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Born in 1911 in Bialystock, Poland to Miriam Meadow and Aaron Lew, Natalie (Necha) Lew was the second of three daughters born to the couple. Natalie remembered growing up in a small apartment, at 16 Lipova Street, that was part of a converted house with a beautiful courtyard and cobblestones. In Bialystock, Natalie was part of a strong Jewish network and community, something that would become an important theme throughout her entire life. Natalie’s mother, Miriam, was from a large family of eight children. Sensing the upcoming turmoil that would ultimately become the Bialystock pogrom against the Jews and the Bolshevik Revolution, the Meadow family left Europe and headed to America. Arriving at Ellis Island in the early 1900s they ultimately settled in Paterson, New Jersey and overtime established themselves as hardworking business leaders. Natalie’s mother, Miriam, was not ready to leave Europe and she and her husband, a shop owner in a nearby town, remained in Bialystock until Natalie’s father was consistently chased through the streets on his way home from his store for being a capitalist. The stories go that he had to run on the rooftops at night to get home safely from the roaming bands of Bolsheviks that would form outside his and other small and large businesses.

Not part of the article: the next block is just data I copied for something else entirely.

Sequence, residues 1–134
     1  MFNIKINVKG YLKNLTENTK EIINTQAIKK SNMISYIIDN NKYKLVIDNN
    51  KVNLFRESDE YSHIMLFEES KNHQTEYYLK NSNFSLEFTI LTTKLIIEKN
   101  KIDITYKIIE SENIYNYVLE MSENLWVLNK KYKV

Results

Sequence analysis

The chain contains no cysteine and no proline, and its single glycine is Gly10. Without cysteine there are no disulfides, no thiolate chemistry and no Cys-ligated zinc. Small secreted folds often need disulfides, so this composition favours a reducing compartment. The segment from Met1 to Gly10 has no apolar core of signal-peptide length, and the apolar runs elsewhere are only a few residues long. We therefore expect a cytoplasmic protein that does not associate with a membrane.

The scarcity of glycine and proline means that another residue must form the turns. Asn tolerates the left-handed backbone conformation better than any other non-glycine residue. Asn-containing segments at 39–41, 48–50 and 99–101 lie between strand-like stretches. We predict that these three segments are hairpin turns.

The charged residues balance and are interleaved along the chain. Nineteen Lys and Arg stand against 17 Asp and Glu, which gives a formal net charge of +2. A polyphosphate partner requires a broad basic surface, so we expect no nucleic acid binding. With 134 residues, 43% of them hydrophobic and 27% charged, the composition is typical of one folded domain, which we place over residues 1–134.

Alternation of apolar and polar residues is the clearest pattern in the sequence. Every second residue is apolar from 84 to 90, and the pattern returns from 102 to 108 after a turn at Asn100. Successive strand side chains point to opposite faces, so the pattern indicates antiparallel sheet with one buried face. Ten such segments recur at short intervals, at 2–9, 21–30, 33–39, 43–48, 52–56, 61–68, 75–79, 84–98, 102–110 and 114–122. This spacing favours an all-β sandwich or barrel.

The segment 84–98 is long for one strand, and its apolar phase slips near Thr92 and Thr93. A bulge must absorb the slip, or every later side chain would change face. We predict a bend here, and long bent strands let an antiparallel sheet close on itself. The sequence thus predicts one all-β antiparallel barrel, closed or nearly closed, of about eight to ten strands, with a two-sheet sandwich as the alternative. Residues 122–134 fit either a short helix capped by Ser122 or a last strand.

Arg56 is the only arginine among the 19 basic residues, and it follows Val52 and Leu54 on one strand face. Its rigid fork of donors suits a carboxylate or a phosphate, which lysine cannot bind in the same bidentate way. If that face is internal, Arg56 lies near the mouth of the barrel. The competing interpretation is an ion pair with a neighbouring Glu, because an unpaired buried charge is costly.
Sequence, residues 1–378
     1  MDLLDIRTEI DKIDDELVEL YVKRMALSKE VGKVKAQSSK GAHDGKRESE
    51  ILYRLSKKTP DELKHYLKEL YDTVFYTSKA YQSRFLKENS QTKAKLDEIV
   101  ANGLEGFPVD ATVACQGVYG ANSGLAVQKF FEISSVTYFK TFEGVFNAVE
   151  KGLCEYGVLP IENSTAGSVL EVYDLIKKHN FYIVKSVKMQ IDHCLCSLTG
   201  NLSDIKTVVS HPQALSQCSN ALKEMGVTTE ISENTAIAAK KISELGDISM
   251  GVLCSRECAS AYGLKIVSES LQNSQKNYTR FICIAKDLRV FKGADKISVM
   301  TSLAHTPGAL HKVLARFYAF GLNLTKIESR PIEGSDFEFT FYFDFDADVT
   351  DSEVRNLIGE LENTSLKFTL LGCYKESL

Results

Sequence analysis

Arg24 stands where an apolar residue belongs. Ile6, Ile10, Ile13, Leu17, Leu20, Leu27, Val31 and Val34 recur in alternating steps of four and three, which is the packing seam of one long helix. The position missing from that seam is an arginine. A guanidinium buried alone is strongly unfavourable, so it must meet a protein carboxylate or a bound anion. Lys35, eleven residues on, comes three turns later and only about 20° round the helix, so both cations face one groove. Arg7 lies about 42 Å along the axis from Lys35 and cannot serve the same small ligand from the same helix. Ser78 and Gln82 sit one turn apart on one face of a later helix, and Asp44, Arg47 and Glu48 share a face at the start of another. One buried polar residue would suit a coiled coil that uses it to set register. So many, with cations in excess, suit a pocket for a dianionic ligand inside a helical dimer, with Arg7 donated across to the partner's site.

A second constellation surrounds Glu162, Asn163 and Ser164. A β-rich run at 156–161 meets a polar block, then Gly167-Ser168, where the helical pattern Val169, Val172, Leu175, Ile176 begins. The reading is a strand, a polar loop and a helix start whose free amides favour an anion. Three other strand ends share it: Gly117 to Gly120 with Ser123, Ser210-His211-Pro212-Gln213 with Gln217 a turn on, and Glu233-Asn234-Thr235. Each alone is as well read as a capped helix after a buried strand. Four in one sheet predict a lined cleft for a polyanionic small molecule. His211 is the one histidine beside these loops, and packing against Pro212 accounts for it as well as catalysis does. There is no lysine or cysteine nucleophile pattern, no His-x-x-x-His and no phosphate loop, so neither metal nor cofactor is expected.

In 1922, Miriam was still unwilling to leave Bialystock. Deciding that there was no other way to protect his family from the rising violence and changing times, Aaron Lew committed suicide, forcing his wife to finally leave Europe and join her family in the United States. This rarely spoken-about moment in the family’s history left an indelible mark on each of the three daughters. Natalie at around 10 years of age remembers being half asleep and seeing her father standing on a chair in the middle of the night. Noticing that she had awoken, he gave her the message to take care of the family. Whether accurate or part of a child’s dream, one has to imagine that the hardworking woman who seemed to manage any responsibility was partially born out of that moment.